Commit d78de86d authored by Drew Devereux's avatar Drew Devereux
Browse files

Merge branch 'MCCS-163' into 'master'

[MCCS-163] Update DeviceStateMachine with hardware power support

See merge request ska-telescope/lmc-base-classes!28
parents 7e07894c 13666a0c
# GitLab CI in conjunction with GitLab Runner can use Docker Engine to test and build any application.
# Docker, when used with GitLab CI, runs each job in a separate and isolated container using the predefined image that is set up in .gitlab-ci.yml.
# In this case we use the latest python docker image to build and test this project.
image: nexus.engageska-portugal.pt/ska-docker/ska-python-buildenv:9.3.2
image: nexus.engageska-portugal.pt/ska-docker/ska-python-buildenv:9.3.2.1
include:
- project: 'ska-telescope/templates-repository'
......@@ -29,7 +29,7 @@ stages:
clean shell runner:
stage: .pre
tags:
- docker-executor
- k8srunner
script:
# Gitlab CI badges creation
- rm -rf build/*
......@@ -37,7 +37,7 @@ clean shell runner:
build wheel for publication: # Executed on a tag
stage: build
tags:
- docker-executor
- k8srunner
script:
- python3 setup.py egg_info -b+$CI_COMMIT_SHORT_SHA sdist bdist_wheel
rules:
......@@ -49,7 +49,7 @@ build wheel for publication: # Executed on a tag
build wheel for development: # Executed on non-tagged commit
stage: build
tags:
- docker-executor
- k8srunner
script:
- python3 setup.py egg_info -b+dev.$CI_COMMIT_SHORT_SHA sdist bdist_wheel
rules:
......@@ -61,7 +61,7 @@ build wheel for development: # Executed on non-tagged commit
unit tests:
stage: test
tags:
- docker-executor
- k8srunner
script:
- echo $(ls -d ./dist/*.whl | grep $CI_COMMIT_SHORT_SHA)
- python3 -m pip install -U $(ls -d ./dist/*.whl | grep $CI_COMMIT_SHORT_SHA)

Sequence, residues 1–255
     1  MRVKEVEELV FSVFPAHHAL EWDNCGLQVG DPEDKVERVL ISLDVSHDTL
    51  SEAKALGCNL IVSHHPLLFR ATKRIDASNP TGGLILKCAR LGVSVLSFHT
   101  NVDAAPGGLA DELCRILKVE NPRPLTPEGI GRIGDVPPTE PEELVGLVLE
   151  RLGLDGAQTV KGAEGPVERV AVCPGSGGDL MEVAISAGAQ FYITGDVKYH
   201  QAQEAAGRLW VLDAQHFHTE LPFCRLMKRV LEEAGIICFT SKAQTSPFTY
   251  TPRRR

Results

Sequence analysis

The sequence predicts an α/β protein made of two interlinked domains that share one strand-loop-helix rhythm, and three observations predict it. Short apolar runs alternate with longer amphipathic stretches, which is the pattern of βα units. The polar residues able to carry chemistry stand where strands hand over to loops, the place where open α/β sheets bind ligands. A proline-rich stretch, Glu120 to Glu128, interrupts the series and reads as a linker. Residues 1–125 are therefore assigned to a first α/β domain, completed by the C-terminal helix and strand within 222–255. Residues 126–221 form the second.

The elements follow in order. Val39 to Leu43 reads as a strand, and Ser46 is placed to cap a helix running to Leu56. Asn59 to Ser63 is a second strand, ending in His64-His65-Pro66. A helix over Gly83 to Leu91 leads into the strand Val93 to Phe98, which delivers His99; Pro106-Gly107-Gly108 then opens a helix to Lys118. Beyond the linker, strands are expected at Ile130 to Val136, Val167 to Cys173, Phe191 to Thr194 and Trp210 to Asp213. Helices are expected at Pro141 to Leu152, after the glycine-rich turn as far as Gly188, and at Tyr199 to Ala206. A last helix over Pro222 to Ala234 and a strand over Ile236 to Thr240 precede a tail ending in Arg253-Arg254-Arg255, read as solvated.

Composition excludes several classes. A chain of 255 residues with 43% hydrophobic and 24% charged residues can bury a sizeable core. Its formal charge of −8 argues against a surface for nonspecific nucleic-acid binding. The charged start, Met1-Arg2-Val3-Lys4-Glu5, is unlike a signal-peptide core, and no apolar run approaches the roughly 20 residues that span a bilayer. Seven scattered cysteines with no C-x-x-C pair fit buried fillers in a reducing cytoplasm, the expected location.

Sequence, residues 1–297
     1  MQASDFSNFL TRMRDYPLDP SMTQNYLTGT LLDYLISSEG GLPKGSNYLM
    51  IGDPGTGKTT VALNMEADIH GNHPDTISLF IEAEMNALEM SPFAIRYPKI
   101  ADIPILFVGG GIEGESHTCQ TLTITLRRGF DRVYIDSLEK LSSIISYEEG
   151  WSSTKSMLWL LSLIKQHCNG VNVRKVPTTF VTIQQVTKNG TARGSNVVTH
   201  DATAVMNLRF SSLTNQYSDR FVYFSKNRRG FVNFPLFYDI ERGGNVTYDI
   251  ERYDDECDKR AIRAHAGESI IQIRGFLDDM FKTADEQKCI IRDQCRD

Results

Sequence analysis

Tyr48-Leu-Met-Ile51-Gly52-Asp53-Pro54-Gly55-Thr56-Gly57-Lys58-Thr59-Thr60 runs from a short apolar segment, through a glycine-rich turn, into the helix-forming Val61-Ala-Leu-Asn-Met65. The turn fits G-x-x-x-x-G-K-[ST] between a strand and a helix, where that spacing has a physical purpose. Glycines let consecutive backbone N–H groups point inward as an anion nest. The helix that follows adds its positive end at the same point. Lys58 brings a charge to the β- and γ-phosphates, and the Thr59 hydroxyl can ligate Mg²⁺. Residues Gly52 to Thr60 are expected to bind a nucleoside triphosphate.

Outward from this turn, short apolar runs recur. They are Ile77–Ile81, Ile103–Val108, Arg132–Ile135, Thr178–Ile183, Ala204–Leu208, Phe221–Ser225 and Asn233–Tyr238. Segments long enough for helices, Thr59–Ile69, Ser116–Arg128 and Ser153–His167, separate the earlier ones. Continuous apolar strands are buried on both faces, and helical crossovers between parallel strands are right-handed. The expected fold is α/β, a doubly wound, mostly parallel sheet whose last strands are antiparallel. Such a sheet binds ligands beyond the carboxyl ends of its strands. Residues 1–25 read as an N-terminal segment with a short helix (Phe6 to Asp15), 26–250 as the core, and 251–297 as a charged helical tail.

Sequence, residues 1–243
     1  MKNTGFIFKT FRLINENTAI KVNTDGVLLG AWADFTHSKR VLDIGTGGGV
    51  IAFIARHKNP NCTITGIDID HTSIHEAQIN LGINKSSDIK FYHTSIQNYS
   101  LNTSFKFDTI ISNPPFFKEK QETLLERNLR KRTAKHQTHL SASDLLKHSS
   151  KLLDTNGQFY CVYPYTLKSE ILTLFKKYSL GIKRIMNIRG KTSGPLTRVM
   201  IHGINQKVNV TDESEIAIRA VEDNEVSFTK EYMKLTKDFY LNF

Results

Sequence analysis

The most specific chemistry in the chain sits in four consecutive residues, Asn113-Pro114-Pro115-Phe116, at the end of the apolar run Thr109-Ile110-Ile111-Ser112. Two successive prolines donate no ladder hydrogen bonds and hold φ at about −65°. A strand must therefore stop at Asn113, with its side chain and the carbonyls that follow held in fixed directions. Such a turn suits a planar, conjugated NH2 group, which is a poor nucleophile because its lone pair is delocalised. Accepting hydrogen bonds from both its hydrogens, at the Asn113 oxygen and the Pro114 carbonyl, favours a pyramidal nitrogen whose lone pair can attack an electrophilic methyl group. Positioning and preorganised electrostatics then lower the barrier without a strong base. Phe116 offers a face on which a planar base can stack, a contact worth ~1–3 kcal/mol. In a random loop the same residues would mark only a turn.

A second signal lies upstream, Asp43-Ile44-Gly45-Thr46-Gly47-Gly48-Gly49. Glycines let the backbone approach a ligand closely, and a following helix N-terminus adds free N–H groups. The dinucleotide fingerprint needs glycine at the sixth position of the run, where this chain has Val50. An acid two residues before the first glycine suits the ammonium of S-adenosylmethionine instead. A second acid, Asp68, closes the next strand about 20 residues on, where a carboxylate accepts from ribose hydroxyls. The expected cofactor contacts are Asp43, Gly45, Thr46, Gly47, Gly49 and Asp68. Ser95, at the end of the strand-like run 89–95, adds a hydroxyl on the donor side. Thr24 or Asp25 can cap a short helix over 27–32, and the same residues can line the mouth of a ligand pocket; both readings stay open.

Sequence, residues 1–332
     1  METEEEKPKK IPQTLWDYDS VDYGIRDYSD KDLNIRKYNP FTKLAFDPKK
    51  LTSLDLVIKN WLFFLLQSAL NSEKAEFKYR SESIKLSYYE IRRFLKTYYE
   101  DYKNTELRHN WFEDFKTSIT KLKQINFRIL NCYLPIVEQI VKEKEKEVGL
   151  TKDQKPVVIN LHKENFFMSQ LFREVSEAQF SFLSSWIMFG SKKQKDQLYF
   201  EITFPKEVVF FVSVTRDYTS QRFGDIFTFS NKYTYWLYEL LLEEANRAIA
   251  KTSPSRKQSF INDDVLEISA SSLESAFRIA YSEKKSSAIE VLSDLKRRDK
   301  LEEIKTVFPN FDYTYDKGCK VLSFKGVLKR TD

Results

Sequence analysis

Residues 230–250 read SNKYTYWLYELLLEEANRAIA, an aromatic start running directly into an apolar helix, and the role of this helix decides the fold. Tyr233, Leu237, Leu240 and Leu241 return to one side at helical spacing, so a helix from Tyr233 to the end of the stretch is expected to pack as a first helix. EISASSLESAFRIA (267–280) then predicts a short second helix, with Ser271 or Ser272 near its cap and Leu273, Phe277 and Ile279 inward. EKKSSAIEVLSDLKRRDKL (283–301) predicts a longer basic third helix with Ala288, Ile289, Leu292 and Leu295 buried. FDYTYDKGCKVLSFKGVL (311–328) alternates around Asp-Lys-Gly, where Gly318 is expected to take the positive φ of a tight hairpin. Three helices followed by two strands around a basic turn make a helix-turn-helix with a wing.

......@@ -74,7 +74,7 @@ unit tests:
linting:
stage: linting
tags:
- docker-executor
- k8srunner
script:
- echo $(ls -d ./dist/*.whl | grep $CI_COMMIT_SHORT_SHA)
- python3 -m pip install -U $(ls -d ./dist/*.whl | grep $CI_COMMIT_SHORT_SHA)
......@@ -86,7 +86,7 @@ linting:
publish to nexus:
stage: publish
tags:
- docker-executor
- k8srunner
variables:
TWINE_USERNAME: $TWINE_USERNAME
TWINE_PASSWORD: $TWINE_PASSWORD
......@@ -105,7 +105,7 @@ release docker image:
before_script:
- docker login -u $DOCKER_REGISTRY_USERNAME -p $DOCKER_REGISTRY_PASSWORD $DOCKER_REGISTRY_HOST
tags:
- docker-executor
- k8srunner
script:
- make build
- make push
......@@ -118,7 +118,7 @@ release docker image:
pages:
stage: pages
tags:
- docker-executor
- k8srunner
script:
- cp -R build public
- mv public/htmlcov/* public
......
release=0.6.6
tag=lmcbaseclasses-0.6.6
release=0.7.0
tag=lmcbaseclasses-0.7.0
# Use SKA python image as base image
FROM nexus.engageska-portugal.pt/ska-docker/ska-python-buildenv:9.3.2 AS buildenv
FROM nexus.engageska-portugal.pt/ska-docker/ska-python-runtime:9.3.2 AS runtime
FROM nexus.engageska-portugal.pt/ska-docker/ska-python-buildenv:9.3.2.1 AS buildenv
FROM nexus.engageska-portugal.pt/ska-docker/ska-python-runtime:9.3.2.1 AS runtime
# create ipython profile to so that itango doesn't fail if ipython hasn't run yet
RUN ipython profile create
# TODO: move this dependency to ska-docker/docker/tango/ska-python-buildenv/requirements.txt
RUN python3 -m pip install --user pytest-forked
# Note: working dir is `/app` which will have a copy of our repo